The market leader for online cricket scorecards in 2014 was ESPN CricInfo. Below is how a typical scorecard would look. It was text heavy, multi-tab and multi-page.
Most people following cricket online are living in the ALT-TAB world — on one tab they are working and on the other they are reading the scorecard. The scorecard should be one screenful of information, there should not be any scrolling and it should be very easy for the audience to compare the changes in the score compared to the previous time they saw the scorecard.
Overs is the notion of time in a cricket match. One over has many balls, has one bowler and has two batsmen. Existence of batsmen across overs is partnerships. Partnerships and fall of wickets are two different perspectives of the same data set.
Fours and sixes are highlighted. Dot balls are shown with a full stop (which is cleaner than showing 0). The current ball is shown using a blinking cursor. Wickets are outliers and hence highlighted in red. A gantt chart showcases partnerships. End of partnership is fall of wicket.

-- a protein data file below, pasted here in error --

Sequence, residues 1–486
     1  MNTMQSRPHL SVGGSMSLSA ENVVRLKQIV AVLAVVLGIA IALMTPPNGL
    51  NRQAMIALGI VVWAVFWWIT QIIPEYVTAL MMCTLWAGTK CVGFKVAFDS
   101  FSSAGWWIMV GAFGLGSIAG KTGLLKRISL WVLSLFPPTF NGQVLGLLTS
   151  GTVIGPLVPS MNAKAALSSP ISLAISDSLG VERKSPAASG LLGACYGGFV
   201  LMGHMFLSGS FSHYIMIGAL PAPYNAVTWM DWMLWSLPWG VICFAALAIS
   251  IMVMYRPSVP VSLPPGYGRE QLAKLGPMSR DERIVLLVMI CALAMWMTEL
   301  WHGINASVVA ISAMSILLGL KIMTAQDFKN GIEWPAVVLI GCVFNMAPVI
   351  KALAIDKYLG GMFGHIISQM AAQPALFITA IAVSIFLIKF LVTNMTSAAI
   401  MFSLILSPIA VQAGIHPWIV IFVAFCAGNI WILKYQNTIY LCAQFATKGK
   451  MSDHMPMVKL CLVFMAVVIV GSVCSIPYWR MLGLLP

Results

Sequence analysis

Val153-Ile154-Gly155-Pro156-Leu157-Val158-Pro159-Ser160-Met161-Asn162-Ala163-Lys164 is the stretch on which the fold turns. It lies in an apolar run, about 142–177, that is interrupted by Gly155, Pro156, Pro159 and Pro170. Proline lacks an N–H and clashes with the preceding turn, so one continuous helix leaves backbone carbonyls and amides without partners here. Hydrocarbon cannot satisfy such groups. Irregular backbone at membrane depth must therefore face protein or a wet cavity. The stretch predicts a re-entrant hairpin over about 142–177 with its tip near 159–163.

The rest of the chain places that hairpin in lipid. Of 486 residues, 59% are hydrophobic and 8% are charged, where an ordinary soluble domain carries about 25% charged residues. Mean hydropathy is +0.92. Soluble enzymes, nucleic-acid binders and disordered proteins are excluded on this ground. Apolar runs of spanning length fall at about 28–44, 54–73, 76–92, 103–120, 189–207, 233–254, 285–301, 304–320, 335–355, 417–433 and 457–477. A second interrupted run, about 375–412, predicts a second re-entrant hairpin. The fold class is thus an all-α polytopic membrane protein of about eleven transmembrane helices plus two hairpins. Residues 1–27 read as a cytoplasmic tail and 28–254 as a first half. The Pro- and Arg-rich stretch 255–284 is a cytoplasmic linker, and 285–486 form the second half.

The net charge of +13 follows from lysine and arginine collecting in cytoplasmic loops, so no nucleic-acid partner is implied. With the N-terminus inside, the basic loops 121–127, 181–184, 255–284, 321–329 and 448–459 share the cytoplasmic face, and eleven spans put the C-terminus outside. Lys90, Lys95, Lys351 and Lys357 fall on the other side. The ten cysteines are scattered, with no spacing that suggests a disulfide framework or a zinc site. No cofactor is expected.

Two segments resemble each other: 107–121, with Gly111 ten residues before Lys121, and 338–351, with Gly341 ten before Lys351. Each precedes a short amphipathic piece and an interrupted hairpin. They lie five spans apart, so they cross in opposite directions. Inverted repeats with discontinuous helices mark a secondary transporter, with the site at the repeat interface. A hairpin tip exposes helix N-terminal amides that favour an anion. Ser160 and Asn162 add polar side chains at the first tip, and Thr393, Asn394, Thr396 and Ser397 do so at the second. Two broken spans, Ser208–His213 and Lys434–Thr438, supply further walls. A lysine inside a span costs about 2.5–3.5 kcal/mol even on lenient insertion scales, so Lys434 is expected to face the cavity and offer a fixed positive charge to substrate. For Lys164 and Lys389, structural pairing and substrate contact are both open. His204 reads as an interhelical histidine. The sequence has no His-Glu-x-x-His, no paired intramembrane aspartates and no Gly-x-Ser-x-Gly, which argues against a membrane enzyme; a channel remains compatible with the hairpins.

Compare the experience against ESPN CricInfo’s scorecard. This reimagined scorecard resulted in a significant increase in the active users in the client’s online sports section
The scorecard was showcased and our co-founder Ritvvij Parrikh was interviewed in a History Channel Documentary show – Vital Stats of India.